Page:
New chair & vice chair of GEBCO Guiding Committee

Published: 22/01/2021 - 11:32

Members of the GEBCO Guiding Committee met online 18-20 January to discuss the project’s direction for the coming year, including upcoming initiatives, resource allocation etc. During the meeting, members elected Mr Evert Flier from Norway as the new chair of the Guiding Committee, and Dr Marzia Rovere from Italy as vice chair for 2021 – 2024.

Evert Flier has contributed to IHO work including
Capacity Building, MSDI, Crowd Sourced
Bathymetry, GEBCO and WEND

Evert Flier, IHO appointee from Norway, started his career as an officer in the Royal Netherlands Navy in 1989. During his 21 years of service, he spent 11 years at sea on different navy vessels in all operational roles from watch keeper to commanding officer, sailing on all oceans. With a great passion for the sea, he also sailed on sail training vessels, obtaining a master mariner certificate for sailing ships up to 3000 tons. Ready for a new challenge but with pain in his heart, he left the Netherlands Navy and the Netherlands and became national hydrographer of Norway. Evert started the transition of Norwegian Hydrographic Service (one of four divisions within the Norwegian Mapping Authority) from classical nautical chart factory to a marine geo data agency in support of the Blue Economy. He worked close together with leadership, researchers and other personnel from Norwegian Marine Research Institute, Geological Survey, Polar institute, Institute for Water Research, Environment Agency, Coastal Administration, Navy, Coastguard, local and national government, industry and universities. He strengthened Norway’s role in the International Hydrographic Community by actively participating and contributing to all strategic IHO arenas such as Capacity Building, MSDI, Crowd Sourced Bathymetry, GEBCO and WEND. He believes in and enjoys international cooperation, respecting different viewpoints, working across sectors and trying to bridge cultures.  After one six-year term as director, he became the international coordinator for the Norwegian Hydrographic Service. He lives with his family in Stavanger, in the Southwest of Norway and enjoys kayaking, swimming, sailing and the outdoors in general. He also believes it is unhealthy to be away from salt water for too long.

Dr Marzia Rovere, IOC appointee from Italy, was elected Vice-Chair. She has a PhD in Earth Sciences and is researcher in

 Dr Rovere has been a member of the joint IOC-IHO
 GEBCO Guiding Committee since 2014 and participated
 in the establishment team of the GEBCO-NF Seabed 2030 initiative.

marine geology at the Institute of Marine Sciences (ISMAR) of the National Research Council of Italy since 2009. Her scientific research deals with a variety of different topics related to seafloor and sub-seafloor mapping, including among others submarines landslides and their potential to trigger tsunamis, sediment transport in coastal areas, fluid flow along faults and the threat they pose to offshore installations. Her interests focus also on marine georesources, including aggregates on continental shelves, cold seep and hydrothermal habitats as unconventional sources of non-energy raw materials in the deep-sea through innovative recovery processes. Marzia participates in several EU projects, including EMODnet Bathymetry where she coordinates the Central Mediterranean contribution, and is leading different national projects sponsored by public stakeholders. She has been a member of the joint IOC-IHO GEBCO Guiding Committee since 2014 and participated in the establishment team of the GEBCO-NF Seabed 2030 initiative. She is also Foreign Affairs adviser for questions regarding Maritime Safety and Security and the Law of the Sea. She is the Italian alternate head of delegation for the International Seabed Authority and served in the Legal and Technical Commission in 2015-2016. Marzia sailed in dozens of oceanographic cruises in the Mediterranean and Atlantic Ocean, however, lately, due to the decommissioning of the Italian research fleet she misses being at sea.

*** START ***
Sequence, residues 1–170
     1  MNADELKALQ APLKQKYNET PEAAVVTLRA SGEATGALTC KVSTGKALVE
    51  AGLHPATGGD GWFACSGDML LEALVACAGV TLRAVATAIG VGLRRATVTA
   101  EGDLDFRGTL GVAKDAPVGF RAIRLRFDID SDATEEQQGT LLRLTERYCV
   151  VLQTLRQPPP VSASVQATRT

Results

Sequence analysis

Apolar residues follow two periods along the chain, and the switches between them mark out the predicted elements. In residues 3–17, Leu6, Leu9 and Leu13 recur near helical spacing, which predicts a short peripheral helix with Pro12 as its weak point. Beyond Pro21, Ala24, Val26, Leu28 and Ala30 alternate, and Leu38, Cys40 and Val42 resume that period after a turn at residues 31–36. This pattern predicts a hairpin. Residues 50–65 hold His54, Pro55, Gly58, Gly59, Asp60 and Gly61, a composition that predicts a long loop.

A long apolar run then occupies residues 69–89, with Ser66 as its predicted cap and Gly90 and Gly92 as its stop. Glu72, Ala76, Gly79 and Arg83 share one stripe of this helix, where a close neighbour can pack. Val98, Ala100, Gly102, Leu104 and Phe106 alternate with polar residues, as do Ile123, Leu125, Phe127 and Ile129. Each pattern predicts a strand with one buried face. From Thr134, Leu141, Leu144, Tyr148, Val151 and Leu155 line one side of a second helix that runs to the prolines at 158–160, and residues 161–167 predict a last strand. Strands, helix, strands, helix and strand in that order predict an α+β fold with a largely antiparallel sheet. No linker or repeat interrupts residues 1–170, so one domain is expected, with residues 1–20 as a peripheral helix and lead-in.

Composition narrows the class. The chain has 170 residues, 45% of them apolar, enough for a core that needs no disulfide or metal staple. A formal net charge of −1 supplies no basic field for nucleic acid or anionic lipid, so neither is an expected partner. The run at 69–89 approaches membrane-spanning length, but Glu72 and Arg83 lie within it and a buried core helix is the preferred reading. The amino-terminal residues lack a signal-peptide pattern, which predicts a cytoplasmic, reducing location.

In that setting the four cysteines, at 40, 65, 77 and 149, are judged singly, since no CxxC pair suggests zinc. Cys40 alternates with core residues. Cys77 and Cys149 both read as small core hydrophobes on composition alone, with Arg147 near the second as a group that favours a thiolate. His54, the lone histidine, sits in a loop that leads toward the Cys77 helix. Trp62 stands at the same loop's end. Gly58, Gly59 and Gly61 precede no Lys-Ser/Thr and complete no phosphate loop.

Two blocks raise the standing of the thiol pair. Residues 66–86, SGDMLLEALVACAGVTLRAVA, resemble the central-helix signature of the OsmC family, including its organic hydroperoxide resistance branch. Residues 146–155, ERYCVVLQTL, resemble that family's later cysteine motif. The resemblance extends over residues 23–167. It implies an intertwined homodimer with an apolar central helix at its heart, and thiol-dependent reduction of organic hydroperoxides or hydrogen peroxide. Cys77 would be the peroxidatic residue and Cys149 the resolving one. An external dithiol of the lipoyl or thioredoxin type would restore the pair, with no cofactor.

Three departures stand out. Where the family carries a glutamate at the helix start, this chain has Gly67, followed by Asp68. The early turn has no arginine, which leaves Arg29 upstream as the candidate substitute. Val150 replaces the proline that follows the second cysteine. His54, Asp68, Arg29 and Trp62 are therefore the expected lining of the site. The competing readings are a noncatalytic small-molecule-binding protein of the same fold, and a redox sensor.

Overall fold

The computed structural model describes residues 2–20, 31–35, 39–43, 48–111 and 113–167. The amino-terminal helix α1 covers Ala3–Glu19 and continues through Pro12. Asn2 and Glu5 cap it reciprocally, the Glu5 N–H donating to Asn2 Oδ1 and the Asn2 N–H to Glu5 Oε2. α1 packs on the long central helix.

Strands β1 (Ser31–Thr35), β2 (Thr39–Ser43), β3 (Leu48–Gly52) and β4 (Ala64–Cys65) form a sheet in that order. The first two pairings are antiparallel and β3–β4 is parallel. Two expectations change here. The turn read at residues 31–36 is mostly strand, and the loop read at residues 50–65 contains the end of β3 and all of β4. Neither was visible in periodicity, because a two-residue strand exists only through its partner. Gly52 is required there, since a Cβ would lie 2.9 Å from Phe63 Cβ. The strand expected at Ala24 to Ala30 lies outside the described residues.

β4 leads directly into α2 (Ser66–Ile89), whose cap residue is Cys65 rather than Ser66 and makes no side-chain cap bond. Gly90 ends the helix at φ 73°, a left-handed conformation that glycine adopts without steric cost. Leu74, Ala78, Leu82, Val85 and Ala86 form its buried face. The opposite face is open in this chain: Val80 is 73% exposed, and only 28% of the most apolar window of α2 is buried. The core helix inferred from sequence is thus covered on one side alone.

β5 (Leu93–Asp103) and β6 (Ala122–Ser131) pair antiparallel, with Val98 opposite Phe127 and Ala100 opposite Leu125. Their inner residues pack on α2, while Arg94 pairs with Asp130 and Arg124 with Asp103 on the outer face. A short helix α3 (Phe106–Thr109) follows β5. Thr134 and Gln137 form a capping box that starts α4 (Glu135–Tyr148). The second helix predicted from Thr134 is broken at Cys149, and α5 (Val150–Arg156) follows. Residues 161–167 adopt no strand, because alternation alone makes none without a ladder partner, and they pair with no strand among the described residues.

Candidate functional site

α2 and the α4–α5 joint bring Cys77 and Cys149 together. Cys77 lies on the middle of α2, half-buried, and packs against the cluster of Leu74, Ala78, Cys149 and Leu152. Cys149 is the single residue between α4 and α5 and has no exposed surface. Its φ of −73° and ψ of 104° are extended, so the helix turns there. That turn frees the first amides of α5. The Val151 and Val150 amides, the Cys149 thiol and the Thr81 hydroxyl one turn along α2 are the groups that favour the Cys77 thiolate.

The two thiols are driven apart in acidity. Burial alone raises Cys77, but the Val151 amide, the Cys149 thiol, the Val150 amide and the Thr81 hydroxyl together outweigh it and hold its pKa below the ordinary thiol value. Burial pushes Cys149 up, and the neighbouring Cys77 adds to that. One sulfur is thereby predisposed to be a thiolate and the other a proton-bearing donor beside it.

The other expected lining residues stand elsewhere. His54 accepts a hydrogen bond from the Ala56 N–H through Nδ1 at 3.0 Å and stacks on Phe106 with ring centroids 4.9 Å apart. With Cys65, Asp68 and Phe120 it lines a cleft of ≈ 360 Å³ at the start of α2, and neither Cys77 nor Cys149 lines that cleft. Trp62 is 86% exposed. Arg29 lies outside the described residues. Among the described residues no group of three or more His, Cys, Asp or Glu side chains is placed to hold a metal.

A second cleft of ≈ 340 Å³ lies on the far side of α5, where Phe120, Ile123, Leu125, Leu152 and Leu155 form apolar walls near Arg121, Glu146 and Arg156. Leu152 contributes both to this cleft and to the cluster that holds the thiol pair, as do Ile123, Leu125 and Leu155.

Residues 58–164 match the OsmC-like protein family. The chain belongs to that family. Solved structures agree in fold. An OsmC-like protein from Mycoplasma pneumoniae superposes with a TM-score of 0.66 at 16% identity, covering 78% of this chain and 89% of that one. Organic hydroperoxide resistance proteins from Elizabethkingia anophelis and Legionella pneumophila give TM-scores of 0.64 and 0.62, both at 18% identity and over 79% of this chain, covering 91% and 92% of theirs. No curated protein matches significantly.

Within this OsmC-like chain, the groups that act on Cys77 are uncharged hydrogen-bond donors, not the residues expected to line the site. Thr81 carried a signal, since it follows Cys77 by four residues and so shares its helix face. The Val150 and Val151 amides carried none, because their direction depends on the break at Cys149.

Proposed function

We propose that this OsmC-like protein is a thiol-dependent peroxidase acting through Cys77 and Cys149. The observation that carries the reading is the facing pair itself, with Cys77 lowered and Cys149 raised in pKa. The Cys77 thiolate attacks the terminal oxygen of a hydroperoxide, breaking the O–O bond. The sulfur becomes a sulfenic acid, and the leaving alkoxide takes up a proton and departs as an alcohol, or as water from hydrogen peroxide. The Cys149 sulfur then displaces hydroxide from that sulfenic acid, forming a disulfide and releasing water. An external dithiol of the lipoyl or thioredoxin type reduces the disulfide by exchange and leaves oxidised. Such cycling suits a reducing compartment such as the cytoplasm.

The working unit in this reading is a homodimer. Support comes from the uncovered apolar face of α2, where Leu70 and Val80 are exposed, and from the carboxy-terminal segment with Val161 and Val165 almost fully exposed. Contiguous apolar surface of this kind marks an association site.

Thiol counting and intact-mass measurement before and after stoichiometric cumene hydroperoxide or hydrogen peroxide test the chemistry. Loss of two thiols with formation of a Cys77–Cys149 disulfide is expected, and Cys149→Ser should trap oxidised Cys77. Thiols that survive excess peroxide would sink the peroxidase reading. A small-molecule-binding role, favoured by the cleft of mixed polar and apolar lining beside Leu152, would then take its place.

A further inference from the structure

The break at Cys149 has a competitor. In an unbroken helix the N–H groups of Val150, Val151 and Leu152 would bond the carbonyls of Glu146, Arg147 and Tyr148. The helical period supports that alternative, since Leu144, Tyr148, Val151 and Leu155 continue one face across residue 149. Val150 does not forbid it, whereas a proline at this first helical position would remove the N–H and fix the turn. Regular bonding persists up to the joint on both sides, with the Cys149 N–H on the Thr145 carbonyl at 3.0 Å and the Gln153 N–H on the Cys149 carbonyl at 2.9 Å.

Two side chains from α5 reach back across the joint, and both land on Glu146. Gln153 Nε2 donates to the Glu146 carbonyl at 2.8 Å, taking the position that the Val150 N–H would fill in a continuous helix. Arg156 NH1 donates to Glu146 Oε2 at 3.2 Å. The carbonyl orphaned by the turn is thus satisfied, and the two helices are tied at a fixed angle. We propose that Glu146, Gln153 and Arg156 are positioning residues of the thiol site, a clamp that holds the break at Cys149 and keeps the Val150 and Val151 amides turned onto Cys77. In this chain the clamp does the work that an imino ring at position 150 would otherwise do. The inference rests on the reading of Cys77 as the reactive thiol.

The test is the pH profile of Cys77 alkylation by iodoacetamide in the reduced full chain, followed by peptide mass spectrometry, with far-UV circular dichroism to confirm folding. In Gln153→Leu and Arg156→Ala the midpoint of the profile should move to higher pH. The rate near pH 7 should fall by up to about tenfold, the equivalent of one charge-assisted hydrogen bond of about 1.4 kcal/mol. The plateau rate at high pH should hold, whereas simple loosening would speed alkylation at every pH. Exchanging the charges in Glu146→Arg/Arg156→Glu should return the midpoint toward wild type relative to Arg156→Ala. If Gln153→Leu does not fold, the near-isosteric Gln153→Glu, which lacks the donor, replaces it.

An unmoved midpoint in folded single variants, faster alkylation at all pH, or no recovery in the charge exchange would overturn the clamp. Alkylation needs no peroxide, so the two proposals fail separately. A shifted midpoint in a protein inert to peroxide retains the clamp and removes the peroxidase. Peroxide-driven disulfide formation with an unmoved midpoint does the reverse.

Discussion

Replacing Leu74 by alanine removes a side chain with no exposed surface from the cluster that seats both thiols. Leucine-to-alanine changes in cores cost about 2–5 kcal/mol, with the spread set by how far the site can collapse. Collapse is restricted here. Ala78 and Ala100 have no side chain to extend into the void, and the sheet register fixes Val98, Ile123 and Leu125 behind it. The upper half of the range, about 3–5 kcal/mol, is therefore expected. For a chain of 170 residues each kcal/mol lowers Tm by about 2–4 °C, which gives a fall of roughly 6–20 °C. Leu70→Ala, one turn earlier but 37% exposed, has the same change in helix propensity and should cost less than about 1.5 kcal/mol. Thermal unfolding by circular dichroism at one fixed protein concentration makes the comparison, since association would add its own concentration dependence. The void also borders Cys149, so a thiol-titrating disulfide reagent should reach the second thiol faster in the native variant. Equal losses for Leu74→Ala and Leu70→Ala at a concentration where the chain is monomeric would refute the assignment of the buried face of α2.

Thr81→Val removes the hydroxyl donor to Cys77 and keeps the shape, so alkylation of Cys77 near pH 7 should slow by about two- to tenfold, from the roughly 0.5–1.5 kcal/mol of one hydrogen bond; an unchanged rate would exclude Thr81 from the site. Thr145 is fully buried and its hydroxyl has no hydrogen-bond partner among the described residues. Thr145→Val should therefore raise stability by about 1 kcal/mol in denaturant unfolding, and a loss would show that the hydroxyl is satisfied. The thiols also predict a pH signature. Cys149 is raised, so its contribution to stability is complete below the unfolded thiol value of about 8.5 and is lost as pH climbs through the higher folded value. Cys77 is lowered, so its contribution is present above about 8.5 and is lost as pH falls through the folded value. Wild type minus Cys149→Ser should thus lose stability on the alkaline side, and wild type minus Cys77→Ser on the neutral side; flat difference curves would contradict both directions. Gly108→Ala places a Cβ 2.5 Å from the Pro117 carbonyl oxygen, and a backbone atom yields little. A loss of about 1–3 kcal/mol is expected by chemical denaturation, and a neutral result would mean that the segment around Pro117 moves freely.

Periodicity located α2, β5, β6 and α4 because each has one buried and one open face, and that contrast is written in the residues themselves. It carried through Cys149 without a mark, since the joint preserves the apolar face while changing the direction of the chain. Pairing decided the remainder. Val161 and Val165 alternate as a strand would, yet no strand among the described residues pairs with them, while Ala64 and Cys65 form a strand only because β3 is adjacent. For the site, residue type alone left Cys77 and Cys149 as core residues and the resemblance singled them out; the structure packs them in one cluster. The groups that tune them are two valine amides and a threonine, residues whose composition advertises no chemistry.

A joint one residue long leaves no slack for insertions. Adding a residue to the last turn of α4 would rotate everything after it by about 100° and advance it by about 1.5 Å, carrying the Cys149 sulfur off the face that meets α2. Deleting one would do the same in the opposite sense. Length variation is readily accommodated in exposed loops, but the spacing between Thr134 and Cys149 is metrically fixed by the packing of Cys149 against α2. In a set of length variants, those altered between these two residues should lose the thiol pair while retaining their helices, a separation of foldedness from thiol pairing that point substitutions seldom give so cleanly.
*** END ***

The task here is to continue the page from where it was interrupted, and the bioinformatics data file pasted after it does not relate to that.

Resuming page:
The GEBCO project was created in 1903 when Prince Albert I of Monaco offered to organize and finance the production of a new chart series designated: “The General Bathymetric Chart of the Oceans”. Responsibility for the continued maintenance of the chart series was transferred from the Oceanographic Museum of Monaco to the International Hydrographic Bureau, now known as the IHO, in 1929. In 1973, the IHO invited the Intergovernmental Oceanographic Commission (IOC) of UNESCO to participate, and GEBCO is now a joint project between the two organizations. Its goal is to develop and improve the map of the seabed and act as the designated international authority for undersea feature names. It also aims to advance the development and application of sea floor mapping technology. It identifies oceanic areas where data is insufficient or non-existent and works with organizations for these areas to be surveyed. It also promotes  education  and  training  in  ocean  mapping  through  high  level  courses  in  Ocean Bathymetry. The project  is  open  to  all  those  interested  in  mapping  the  ocean  floor and  relies largely  on  the  voluntary  efforts  of  an  international  collaborating  community of  scientists  and  hydrographers with the support of the IHO and the IOC. It is led by the GEBCO Guiding Committee, which consists of five Members appointed by the IHO, and five Members appointed by the IOC as well as the Chairs of the subordinate Sub-Committees and the Director of the IHO Data Centre for Digital Bathymetry (DCDB).

Members of the GEBCO Guiding Committee discuss upcoming initiatives.

 


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Last modified: 22/01/2021 - 16:21